Orchid species are among the most evolved plant species on earth displaying advanced pollination systems and at the same time being dependent on mycorrhiza to complete their life cycle.Unfortunately, most species have suffered dramatic declines in abundance, making them extremely vulnerable to extinction. In past and ongoing research projects, I have combined population genetic analyses with demographic studies to determine the long-term viability of some orchid species. I’m particularly interested in spatial patterns of genetic structure of life-history stages and how they are affected by disturbances such as coppicing. In collaboration with others, I use molecular genetic techniques and point pattern analyses to assess spatial variation in seed germination and seedling recruitment. Demographic analyses using both structured and non-structured population models are used to assess long-term viability of orchid species. I’m also interested in the role of nectar production in determining reproductive success of orchid species. In collaboration with the Centre of Microbial and Plant Genetics, future projects aim at studying the role of mycorrhizal fungi in the diversification of orchid species. Recent studies have suggested that the enormous diversity of orchid species – the total number of species has been estimated at 19.500 species – might be partly driven by irregular fungal distributions, combined with high mycorrhizal specificities, but evidence is very scant.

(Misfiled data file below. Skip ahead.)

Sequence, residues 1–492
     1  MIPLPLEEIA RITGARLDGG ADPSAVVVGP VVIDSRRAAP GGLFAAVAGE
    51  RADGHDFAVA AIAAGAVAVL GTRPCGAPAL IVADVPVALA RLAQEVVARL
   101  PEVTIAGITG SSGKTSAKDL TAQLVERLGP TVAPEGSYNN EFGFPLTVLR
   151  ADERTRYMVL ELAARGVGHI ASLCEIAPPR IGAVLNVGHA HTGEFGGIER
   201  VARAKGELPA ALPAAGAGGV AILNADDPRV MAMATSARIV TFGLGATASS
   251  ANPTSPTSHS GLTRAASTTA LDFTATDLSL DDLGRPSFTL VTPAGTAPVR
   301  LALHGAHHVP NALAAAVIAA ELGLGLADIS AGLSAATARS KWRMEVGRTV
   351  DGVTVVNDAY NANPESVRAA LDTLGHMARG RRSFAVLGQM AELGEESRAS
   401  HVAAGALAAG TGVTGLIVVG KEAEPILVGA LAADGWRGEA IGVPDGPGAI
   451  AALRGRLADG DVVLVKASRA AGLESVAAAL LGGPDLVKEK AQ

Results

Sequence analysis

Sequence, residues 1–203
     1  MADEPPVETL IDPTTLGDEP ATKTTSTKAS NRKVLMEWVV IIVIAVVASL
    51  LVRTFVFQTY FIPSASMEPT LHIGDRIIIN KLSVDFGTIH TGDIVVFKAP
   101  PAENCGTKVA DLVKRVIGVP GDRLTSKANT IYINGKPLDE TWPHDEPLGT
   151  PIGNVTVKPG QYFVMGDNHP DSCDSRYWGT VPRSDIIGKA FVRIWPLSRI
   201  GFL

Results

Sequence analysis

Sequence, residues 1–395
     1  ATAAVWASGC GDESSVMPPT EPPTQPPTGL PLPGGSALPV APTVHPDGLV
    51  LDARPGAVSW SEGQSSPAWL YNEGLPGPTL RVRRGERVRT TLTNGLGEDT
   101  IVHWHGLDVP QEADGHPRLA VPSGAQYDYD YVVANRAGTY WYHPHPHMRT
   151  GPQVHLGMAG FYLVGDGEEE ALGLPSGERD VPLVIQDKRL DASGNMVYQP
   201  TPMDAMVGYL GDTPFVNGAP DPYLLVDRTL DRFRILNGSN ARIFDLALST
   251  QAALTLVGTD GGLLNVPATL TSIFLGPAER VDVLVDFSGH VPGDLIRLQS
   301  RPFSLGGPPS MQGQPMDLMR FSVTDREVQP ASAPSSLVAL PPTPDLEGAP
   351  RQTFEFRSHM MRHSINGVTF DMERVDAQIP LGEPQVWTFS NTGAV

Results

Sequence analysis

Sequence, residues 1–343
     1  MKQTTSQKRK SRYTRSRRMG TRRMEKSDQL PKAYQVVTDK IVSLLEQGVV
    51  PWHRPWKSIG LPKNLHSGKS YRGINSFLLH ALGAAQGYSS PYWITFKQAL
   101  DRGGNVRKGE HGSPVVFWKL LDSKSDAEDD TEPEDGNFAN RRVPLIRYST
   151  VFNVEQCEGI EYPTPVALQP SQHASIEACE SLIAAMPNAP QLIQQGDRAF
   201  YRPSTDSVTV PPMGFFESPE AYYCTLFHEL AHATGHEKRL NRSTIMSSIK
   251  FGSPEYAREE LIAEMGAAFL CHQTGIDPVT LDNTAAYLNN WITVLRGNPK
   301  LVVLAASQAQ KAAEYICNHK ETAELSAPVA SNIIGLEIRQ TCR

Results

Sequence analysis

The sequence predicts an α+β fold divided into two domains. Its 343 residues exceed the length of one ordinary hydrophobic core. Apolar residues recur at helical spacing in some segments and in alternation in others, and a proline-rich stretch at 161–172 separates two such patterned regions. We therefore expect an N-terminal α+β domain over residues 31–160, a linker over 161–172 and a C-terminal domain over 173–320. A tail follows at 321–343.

|Plant Ecology and Nature Conservation||member||2009-07-01|
created:2011-12-14 14:18:59 UTC, source:web